When you hear the name “endive” you most likely think of a pale, leafy vegetable called “Belgian endive” that is often found stuffed and served as an hors d’oeuvre. In actuality, Belgian endive is not a true endive, but in fact, part of the common chicory family (along with radicchio and puntarelle). Confusion may exist because chicory and endive are both part of the chicory genus, a grouping of several other bitter-leafed vegetables.
As for true endives, two varieties are commonly grown: frisée and escarole. Frisée, also known as “curly endive,” has frilly leaves and is often found in salad mixes. Escarole has broad, sturdy, pale yellow to light green leaves that are both bitter and sweet. It makes a great addition to soups or salads. Both greens can be sautéed, grilled, or eaten raw.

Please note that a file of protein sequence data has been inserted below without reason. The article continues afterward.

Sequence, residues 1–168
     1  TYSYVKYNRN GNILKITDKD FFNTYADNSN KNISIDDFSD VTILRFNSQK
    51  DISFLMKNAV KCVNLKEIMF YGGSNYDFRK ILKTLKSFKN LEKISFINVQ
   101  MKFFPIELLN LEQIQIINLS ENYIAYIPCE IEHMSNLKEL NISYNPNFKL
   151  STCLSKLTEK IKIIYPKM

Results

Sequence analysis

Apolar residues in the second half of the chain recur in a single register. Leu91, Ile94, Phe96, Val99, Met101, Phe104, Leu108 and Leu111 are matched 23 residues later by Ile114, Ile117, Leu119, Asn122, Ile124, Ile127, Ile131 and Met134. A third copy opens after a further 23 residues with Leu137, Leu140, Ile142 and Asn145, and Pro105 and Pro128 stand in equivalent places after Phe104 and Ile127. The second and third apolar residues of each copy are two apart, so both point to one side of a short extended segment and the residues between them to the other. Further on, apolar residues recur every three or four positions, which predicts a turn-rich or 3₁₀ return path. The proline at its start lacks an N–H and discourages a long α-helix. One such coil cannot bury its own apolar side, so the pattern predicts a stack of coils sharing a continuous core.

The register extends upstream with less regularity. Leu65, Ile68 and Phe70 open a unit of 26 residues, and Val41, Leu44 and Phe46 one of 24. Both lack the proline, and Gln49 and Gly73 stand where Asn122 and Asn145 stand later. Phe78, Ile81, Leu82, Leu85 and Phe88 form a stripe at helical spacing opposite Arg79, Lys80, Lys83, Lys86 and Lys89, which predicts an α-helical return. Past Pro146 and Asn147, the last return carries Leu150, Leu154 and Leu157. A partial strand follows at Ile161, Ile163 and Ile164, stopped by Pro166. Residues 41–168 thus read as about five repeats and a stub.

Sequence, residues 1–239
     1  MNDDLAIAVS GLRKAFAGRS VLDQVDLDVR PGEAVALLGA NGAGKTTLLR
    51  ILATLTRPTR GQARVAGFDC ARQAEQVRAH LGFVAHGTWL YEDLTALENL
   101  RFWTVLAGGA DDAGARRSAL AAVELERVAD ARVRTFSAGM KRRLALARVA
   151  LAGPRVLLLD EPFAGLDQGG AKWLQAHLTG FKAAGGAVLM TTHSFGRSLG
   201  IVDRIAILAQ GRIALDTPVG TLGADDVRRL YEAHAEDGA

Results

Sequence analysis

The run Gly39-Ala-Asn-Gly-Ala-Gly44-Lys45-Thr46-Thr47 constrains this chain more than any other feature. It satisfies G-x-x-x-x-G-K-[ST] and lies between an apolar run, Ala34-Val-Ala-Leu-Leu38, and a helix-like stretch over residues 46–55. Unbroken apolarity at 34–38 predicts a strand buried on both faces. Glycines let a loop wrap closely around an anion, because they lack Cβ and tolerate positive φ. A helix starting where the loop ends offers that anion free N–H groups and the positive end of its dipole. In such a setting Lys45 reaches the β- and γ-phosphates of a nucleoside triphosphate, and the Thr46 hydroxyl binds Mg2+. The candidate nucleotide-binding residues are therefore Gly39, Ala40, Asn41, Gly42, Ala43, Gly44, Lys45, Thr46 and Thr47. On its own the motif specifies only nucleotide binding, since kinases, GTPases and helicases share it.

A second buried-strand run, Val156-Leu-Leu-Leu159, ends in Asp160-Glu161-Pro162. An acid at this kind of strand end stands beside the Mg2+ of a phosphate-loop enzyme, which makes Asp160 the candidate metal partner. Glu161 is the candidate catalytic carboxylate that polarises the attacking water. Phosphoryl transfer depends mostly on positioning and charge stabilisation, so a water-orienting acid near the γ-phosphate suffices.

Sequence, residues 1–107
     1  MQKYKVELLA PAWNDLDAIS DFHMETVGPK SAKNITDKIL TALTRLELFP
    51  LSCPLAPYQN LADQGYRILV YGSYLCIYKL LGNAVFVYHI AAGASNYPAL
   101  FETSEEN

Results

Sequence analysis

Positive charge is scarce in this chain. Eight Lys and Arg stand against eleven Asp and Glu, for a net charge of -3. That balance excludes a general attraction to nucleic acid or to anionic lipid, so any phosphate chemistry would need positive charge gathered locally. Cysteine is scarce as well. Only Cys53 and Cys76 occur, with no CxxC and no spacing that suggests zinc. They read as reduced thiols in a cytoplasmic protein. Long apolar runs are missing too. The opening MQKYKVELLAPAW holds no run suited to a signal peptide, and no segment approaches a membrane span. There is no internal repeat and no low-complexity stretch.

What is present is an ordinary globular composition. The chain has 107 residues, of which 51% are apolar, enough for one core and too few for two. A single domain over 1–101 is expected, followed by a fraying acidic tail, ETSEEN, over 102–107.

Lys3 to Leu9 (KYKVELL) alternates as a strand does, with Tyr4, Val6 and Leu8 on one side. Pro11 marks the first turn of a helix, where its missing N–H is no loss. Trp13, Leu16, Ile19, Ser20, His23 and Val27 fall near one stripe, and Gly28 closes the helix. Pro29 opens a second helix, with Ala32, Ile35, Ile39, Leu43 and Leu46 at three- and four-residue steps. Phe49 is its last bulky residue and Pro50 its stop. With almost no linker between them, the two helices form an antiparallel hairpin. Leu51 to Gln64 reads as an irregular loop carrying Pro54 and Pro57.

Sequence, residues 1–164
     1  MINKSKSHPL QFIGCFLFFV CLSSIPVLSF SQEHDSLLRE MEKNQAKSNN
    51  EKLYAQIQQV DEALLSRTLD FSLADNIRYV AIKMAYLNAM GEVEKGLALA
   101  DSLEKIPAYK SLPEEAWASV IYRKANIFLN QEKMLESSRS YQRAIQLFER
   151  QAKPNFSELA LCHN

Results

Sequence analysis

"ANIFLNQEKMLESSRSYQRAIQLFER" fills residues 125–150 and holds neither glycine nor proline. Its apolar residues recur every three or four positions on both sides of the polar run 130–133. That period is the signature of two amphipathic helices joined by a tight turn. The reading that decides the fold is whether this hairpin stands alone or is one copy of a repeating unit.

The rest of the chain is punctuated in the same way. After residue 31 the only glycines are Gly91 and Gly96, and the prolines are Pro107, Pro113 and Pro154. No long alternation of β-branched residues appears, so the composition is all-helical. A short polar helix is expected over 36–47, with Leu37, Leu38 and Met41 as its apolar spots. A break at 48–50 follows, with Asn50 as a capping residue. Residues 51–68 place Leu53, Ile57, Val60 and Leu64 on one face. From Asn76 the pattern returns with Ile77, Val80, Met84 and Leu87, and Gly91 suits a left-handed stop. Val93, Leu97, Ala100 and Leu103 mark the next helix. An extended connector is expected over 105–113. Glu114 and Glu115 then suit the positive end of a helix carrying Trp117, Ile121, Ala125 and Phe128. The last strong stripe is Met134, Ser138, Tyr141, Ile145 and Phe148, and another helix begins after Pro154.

Recipes with Endive
Patrick Clark, Sutro’s Restaurant at the Cliff House
Keith Hammerich, Chef Instructor, City College of San Francisco (August 23, 2008).
Articles about Endive
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